A pleasant thing happened to me the other day. Let me explain. For some months I have been a really pathetic member of an online book club called Kitchen Reader whose members review books about cooking (not so much cookbooks as food writing). The reason I have been so poor at this is all the books I have attempted to get hold of have been published in America and either very expensive or take ages to get here. (I’m waiting for one now and it’s been quite a while.)
A lady called Sarah contacted me on behalf of the club and asked if I still wanted to be a member bearing in mind my non existent input and I explained the situation. Guess what she did!! Only went and sent me a book she had finished reading all the way from
Hong Kong, that’s what! What a lovely lady and what
an excellent book.
“Season to Taste ~ how I lost my sense of smell and found my way” is Molly Birnbaum’s account of her sudden and complete loss of her sense of smell due to a traffic accident. At the time of the accident she was working in kitchens and about to start training in earnest at The Culinary Institute of America. She writes of how it slowly dawned of her that she couldn’t smell, of her worries and fears and the implication it had on her life including her exciting career choice. It isn’t a tear jerker tho', its fascinating.
In an attempt to understand her situation (and possibly to write a book!) Molly speaks to neurologists (including Oliver Sacks), perfumiers, attends perfumery lessons in Grasse, speaks to artists who create scent collages and symphonies and to flavourists who create tastes by mixing different chemicals to reproduce natural flavours or even create new ones. Flavourists are essential to the processed food business.
I find it hard to imagine a life without the sense of smell because I think it often runs in the background of our lives informing us without our actually noticing. Since reading this book I often have a good old sniff to see what I can smell! Sometimes I am surprised at what is going on olfactorily without my being consciously aware of it. At the same time it is easy for me (after cheffing for over 30 years) to realise how great a loss it would be in the kitchen.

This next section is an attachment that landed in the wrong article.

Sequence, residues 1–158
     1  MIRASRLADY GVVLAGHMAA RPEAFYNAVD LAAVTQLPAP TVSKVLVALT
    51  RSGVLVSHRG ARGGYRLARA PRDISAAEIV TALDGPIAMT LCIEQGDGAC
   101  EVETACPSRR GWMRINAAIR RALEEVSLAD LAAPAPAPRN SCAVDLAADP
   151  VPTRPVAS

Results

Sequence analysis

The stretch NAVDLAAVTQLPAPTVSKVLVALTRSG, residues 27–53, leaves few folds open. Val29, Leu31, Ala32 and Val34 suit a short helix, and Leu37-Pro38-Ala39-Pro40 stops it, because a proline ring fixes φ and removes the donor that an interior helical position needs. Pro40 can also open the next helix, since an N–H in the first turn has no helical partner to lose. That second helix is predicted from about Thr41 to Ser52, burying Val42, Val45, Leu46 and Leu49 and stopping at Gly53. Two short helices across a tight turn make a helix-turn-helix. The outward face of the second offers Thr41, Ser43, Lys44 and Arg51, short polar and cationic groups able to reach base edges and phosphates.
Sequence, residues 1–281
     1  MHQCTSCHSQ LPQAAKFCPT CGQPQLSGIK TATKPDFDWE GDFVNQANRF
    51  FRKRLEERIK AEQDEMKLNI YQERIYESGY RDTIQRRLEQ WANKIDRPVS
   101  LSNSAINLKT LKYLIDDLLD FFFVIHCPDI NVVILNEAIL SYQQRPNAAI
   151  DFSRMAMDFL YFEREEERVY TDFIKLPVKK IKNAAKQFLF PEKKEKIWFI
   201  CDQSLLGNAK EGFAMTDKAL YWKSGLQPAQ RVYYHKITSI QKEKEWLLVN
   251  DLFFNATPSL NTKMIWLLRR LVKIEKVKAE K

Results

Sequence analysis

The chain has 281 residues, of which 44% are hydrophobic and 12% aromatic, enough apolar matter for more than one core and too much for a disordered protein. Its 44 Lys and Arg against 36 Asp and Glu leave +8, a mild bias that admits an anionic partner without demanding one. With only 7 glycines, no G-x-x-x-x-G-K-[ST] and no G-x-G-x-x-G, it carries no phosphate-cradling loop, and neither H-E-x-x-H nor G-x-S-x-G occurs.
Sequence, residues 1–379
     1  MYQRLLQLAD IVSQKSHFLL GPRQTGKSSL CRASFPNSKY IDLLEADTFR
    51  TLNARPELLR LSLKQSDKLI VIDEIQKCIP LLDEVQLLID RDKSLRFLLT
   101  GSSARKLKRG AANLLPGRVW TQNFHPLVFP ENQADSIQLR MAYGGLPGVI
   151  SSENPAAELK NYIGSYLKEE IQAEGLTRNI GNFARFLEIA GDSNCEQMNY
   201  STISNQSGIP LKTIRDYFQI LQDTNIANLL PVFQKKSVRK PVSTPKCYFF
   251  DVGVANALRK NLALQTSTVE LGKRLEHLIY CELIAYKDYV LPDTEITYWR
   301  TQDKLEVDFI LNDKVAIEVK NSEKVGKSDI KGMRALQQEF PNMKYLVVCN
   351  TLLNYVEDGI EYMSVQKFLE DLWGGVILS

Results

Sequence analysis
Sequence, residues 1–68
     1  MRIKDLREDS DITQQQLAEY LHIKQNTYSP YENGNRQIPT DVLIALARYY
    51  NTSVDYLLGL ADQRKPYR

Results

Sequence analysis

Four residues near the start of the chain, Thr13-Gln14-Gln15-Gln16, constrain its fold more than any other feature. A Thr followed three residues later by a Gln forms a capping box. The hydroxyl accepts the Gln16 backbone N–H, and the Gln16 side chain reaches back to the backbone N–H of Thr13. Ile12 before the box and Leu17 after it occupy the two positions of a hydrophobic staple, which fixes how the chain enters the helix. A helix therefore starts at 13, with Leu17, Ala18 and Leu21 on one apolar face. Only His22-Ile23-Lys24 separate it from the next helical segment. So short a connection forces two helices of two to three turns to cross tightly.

Happily Molly gets her sense of smell back, if that isn’t too much of a spoiler, but her journey makes for a fascinating read.
Season to Taste was recommended to Kitchen Reader by Katherine Martinelli whose interesting blog I shall be having a wander round shortly.
Two Coincidences …
1. Sarah from Kitchen Reader is not alone in her loveliness. A day or two before I received the above from
Kong I received a
surprise book from my friend Bob in , the New Hampshire of A. Yes he is a friend but he’s never done this before! He had finished the book; “Spice: The History
of a Temptation” by Jack Turner, and thought, quite rightly, that I would like
it. I will let you know more about it
soon in a separate post. U.S.
2. “Season to Taste” mentions Jack Turner's “Spice” ~ I had never heard of either of these books, received both as gifts from foreign parts in the same week and they are inter-related.